Windows 8 tile icons are simple white icons on a single color. Microsoft also reflected the look on their main site as well as in Visual Studio 2012. PlayStation Store’s new look: the same hard-edged simple icons on a single background color. A bunch of sites and applications are doing this…ironing out and de-colorizing their icons. Is this good or not? I guess the eyes scan such things quickly and they work better in peripheral vision…but color may convey some information too. Time will tell, I guess.
Well, I tried it so you don’t have to. I upgraded Sean’s machine from Windows XP to Windows 8 to try out the cheap $40 deal they have going on. The most annoying part is that it assumes that because your old version of Windows was only 32-bit that you want the new version to be 32-bit. Of course, you actually want the 64-bit version so that you can have more than 4 GB of memory if you want. As far as actually using Windows 8, it’s snappy and responsive. However, half the time it thinks it’s Windows and half the time it thinks it’s an iPad. You switch back and forth with the Windows key on your keyboard. In Windows mode, you have all the stuff you’re used to like a red X to close your programs and so on. But in the iPad mode, you have apps from the *App* I mean Windows store. They take up the whole screen and are weird to use with a mouse. For example, you have to drag an app down to the bottom of the screen to close it. Microsoft eventually wants all programs to become apps, going through rigorous Microsoft approval. Some developers are telling them to get lost, like the Minecraft guy. After 2 days, we’re seeing lots of driver problems with a legacy 4000 series AMD HD Radeon card. The only official drivers out for it are Windows 7. Here’s a video of the Windows 8 wackiness:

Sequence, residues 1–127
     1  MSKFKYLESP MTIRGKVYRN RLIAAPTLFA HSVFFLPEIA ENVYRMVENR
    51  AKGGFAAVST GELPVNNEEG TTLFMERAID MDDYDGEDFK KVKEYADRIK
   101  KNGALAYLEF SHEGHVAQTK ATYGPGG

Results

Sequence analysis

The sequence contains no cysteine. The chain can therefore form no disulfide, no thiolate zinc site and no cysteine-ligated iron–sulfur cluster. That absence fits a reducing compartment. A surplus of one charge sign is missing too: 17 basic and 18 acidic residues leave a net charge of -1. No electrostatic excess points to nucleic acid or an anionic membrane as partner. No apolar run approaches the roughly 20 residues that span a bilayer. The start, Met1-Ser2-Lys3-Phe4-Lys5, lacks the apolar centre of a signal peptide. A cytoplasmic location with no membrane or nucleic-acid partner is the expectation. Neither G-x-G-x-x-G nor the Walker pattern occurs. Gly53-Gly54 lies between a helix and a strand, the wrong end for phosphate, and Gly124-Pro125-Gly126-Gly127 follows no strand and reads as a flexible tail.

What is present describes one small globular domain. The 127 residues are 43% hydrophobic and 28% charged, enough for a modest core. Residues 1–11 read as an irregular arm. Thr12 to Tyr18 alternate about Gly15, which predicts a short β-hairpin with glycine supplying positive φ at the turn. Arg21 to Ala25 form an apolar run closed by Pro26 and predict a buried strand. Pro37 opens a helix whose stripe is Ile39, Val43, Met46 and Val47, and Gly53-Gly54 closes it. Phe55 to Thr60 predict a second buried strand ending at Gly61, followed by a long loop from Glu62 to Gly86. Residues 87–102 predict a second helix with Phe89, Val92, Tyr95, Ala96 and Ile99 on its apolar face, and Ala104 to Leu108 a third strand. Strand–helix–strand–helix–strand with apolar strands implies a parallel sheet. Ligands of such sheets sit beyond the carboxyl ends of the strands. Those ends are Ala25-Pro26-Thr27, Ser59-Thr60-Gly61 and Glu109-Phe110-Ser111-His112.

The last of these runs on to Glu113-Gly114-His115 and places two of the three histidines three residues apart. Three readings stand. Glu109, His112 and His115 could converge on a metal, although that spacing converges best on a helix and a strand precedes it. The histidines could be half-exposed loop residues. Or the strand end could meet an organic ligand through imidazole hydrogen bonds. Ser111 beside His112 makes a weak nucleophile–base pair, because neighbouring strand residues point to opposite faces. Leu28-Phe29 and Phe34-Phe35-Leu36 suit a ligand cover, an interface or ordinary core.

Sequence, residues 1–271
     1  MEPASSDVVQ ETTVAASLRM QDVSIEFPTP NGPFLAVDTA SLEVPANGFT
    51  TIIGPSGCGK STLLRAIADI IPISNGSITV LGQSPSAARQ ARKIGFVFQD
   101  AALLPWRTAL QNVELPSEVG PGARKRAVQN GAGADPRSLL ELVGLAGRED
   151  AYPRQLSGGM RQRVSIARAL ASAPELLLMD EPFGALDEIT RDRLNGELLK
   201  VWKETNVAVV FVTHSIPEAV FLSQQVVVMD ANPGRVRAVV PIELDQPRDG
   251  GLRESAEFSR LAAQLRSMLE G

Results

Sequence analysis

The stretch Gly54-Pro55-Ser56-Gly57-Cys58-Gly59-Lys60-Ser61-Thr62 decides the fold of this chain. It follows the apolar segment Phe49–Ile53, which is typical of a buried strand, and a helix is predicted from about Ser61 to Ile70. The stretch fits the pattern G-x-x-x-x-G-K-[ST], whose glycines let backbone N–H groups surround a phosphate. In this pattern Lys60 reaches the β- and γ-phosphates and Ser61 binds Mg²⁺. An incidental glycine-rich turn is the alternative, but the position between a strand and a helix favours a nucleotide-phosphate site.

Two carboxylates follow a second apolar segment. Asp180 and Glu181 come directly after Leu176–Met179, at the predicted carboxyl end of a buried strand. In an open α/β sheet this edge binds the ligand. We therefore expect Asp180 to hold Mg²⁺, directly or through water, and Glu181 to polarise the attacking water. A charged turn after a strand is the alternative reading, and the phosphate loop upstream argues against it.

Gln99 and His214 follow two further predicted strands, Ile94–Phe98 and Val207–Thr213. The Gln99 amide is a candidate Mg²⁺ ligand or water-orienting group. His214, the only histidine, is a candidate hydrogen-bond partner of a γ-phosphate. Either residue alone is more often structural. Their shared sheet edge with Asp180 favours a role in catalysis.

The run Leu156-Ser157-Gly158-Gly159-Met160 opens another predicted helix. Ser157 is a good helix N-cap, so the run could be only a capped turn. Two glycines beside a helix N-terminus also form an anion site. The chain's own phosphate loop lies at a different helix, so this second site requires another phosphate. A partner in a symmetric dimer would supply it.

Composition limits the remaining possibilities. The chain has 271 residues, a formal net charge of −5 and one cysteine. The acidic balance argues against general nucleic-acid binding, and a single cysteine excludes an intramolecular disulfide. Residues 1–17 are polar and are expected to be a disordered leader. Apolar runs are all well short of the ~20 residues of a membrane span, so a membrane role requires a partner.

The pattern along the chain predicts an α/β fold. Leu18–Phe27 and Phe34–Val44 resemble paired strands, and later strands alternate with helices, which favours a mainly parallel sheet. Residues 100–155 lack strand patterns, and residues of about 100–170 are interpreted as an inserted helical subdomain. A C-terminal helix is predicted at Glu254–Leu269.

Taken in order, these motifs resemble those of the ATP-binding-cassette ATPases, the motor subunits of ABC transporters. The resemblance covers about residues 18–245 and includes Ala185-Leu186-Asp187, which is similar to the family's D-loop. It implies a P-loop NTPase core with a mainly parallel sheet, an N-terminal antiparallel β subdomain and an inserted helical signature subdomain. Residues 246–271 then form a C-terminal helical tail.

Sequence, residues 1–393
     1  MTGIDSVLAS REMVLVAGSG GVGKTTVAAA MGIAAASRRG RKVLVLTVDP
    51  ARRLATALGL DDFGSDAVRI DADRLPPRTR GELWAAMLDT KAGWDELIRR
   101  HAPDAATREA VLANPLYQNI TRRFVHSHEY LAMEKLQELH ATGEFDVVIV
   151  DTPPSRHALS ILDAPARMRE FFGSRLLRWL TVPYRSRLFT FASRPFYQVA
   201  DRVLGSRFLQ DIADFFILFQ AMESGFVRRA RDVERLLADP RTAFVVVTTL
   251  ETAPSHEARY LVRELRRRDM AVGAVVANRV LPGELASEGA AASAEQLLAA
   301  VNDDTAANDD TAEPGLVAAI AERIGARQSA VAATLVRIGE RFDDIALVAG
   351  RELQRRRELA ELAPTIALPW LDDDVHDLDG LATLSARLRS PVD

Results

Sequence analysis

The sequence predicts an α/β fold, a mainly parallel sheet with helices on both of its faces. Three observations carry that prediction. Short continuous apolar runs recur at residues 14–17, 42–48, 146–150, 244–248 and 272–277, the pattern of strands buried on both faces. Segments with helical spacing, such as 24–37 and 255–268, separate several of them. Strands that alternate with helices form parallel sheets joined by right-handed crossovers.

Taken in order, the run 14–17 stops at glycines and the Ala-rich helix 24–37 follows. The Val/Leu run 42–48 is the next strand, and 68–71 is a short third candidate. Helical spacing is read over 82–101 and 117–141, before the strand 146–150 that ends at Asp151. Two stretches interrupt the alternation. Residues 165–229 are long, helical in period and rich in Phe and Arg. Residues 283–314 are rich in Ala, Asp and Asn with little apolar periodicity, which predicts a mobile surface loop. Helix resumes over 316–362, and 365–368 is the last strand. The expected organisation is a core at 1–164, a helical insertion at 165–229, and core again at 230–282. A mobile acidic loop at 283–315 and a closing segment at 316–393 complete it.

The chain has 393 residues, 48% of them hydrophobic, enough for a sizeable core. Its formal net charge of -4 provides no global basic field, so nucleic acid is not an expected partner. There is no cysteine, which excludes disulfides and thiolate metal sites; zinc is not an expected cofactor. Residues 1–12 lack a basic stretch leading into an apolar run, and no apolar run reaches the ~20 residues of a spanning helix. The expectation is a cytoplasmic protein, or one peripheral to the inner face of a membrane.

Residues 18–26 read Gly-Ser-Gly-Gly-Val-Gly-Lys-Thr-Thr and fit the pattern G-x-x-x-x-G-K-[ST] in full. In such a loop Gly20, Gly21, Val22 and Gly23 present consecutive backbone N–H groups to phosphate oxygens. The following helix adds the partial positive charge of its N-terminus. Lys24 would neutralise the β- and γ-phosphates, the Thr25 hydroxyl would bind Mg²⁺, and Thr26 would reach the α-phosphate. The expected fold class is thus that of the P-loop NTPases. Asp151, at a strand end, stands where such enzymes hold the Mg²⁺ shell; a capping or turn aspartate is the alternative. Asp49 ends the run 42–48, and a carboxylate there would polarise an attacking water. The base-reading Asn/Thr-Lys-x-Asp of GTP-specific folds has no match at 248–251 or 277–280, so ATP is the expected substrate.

Windows 8 comes out Friday. It’s only $40 for the upgrade version (for a limited time). We have a couple of XP machines that I may upgrade, but I’ll leave the Windows 7 machines alone. I figure Windows 8′s at least gotta be better than XP. I hear one of the most annoying parts is that they got rid of the red X that you use to close applications. Instead, you have to grab the top of the window and drag it downward to shrink the window out of existence. Cause, hey, everybody loves dragging. Hopefully the Alt-F4 close shortcut still works. Replacing a single click with click and drag sounds like they were too obsessed with the touchpad interface. The start menu is now an entire start screen. I guess I like that idea. You can get to administrative tools with the Windows key-X shortcut, which is also good. But if this turns out to follow the “every other Windows version is a lemon” rule, you should definitely get it if you’re on the Windows ME-Vista upgrade path.
Windows tip. Yes, the scroll wheel on your mouse acts like a button. It’s called the middle-click. You can middle-click on a link in a web browser and it will open the link in a new tab. You can also middle-click in any window to set your focus on the Window without interfering with what you’ve selected in it.
I just realized I’ve been wasting my thumb while typing. Looking down, I notice that I have two thumbs! Who knew? Anyway, the ergonomic keyboard I use often have a split spacebar. In their new ergonomic keyboard, Microsoft is going to allow you to assign the left spacebar to backspace…no more awkward pinky stretching. It’s not split though, so I’ll pass.
I noticed a little arrow in my system tray at work and hovered over it. Microsoft Office Upload Center. It might have come with my install of SharePoint Designer. But when you google a program and the 2nd link on the page is about how to get rid of it, you probably have a feeling of sadness as a developer.